Doesn't this amazing sea sponge look like an Eames molded plastic chair? We can't say for sure it was the design duo's inspiration, but we do know that until it was recently rediscovered, scientists thought "Neptune's cup" was extinct.

I love it when scientists rediscover a species they once thought was gone forever, especially one that mothers once used to bathe their children! The giant Neptune's cup sponge hadn't been seen for 100 years, but was recently spotted off the coast of southern Singapore.


The species was first discovered in 1822, and because they are so large and unusual they were prized by collectors and over-harvested and assumed to be extinct in 1908. Now two of the massive sponges have been spotted 50 meters from one another by biologists with the environmental engineering firm DHI Water and Environment.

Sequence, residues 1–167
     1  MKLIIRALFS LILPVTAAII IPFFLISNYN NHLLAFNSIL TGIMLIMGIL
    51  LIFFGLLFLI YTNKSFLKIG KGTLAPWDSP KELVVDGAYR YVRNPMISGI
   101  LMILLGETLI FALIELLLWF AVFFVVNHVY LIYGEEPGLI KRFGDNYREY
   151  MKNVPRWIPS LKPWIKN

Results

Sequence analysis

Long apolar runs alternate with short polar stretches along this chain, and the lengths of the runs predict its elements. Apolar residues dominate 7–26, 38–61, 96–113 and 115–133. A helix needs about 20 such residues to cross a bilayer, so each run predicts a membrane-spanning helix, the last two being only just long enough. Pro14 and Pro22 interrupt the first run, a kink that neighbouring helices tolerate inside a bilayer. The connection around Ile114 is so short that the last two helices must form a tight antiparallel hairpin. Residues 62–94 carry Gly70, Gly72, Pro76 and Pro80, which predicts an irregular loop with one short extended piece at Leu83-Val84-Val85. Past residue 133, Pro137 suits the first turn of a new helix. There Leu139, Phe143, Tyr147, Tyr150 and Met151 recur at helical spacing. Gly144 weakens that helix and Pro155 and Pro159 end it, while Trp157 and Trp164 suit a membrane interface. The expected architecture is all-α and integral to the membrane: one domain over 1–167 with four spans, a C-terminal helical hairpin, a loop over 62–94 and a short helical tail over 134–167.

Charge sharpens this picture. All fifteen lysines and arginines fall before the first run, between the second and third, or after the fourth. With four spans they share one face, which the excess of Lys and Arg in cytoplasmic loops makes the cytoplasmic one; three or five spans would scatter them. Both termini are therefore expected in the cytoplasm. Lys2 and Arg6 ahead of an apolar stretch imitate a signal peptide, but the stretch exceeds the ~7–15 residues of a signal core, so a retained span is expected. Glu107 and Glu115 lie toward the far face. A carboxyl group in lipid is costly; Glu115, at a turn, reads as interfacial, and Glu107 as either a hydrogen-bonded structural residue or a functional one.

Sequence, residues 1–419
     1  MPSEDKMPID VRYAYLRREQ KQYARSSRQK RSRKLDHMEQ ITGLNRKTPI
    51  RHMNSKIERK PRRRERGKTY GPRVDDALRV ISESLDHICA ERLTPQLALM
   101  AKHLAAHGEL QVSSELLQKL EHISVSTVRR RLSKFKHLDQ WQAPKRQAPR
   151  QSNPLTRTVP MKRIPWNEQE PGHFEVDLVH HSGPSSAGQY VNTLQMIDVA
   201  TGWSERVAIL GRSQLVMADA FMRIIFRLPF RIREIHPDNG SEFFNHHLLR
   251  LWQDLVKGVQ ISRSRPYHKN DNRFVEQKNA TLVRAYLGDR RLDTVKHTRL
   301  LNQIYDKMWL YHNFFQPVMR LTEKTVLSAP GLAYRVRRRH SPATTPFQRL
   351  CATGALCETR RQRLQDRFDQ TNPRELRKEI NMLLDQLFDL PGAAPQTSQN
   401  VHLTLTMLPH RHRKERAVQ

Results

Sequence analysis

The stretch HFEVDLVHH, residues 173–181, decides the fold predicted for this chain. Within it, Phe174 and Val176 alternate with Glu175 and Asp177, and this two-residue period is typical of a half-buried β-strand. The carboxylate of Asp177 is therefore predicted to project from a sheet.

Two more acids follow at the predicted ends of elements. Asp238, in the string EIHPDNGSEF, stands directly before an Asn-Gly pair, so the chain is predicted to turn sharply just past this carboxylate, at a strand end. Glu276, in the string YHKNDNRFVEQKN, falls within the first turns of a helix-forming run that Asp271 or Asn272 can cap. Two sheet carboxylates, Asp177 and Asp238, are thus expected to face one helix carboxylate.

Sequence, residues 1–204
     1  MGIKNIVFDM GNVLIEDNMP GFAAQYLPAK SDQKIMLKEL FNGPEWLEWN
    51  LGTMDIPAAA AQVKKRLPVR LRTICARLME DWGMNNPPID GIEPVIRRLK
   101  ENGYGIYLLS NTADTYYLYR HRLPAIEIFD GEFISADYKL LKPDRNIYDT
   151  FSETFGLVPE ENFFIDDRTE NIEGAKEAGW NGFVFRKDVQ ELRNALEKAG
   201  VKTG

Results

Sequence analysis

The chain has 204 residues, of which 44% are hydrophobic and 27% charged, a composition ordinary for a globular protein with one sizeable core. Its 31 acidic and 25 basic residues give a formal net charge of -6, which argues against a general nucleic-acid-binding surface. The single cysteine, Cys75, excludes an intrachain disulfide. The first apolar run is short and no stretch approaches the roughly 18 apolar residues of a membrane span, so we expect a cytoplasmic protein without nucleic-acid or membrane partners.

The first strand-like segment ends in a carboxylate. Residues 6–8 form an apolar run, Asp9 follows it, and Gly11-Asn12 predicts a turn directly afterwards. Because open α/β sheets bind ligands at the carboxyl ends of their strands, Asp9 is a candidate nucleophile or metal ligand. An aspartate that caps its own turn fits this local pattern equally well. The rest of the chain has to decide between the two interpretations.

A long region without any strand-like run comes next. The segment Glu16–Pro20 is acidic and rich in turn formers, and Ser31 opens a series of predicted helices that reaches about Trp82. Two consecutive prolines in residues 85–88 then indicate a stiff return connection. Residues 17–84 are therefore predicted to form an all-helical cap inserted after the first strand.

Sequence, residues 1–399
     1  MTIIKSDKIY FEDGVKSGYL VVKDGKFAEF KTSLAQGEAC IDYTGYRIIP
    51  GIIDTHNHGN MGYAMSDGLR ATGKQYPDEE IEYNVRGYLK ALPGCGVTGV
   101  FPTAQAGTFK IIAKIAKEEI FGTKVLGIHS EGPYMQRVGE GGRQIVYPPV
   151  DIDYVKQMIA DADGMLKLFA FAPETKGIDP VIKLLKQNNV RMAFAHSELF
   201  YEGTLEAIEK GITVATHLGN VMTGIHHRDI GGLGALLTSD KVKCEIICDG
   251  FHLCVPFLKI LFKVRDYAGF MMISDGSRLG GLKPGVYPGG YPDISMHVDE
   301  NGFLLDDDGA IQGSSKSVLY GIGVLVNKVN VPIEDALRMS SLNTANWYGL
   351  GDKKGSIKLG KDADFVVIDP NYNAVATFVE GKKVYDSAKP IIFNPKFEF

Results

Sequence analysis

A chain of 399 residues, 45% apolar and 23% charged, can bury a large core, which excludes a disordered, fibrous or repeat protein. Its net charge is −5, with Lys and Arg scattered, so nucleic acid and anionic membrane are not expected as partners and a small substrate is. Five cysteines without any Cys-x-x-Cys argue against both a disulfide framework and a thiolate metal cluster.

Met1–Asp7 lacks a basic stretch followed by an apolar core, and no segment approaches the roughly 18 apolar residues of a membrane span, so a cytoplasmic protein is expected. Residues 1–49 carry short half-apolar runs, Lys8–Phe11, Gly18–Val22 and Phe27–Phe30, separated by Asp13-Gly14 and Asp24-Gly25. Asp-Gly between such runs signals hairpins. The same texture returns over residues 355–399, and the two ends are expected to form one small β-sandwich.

Sponge expert Lim Swee Cheng, author of the book A Guide to Sponges of Singapore, helped identify the creatures. "My heart skipped a beat when I saw it in Singapore waters this year," Mr. Lim recently wrote on his Facebook page.

Luckily there was a mid-century-modern chair handy where he could sit down for a moment! [Scientific American]


Images: DHI Water and Environment and Sam Flax New York

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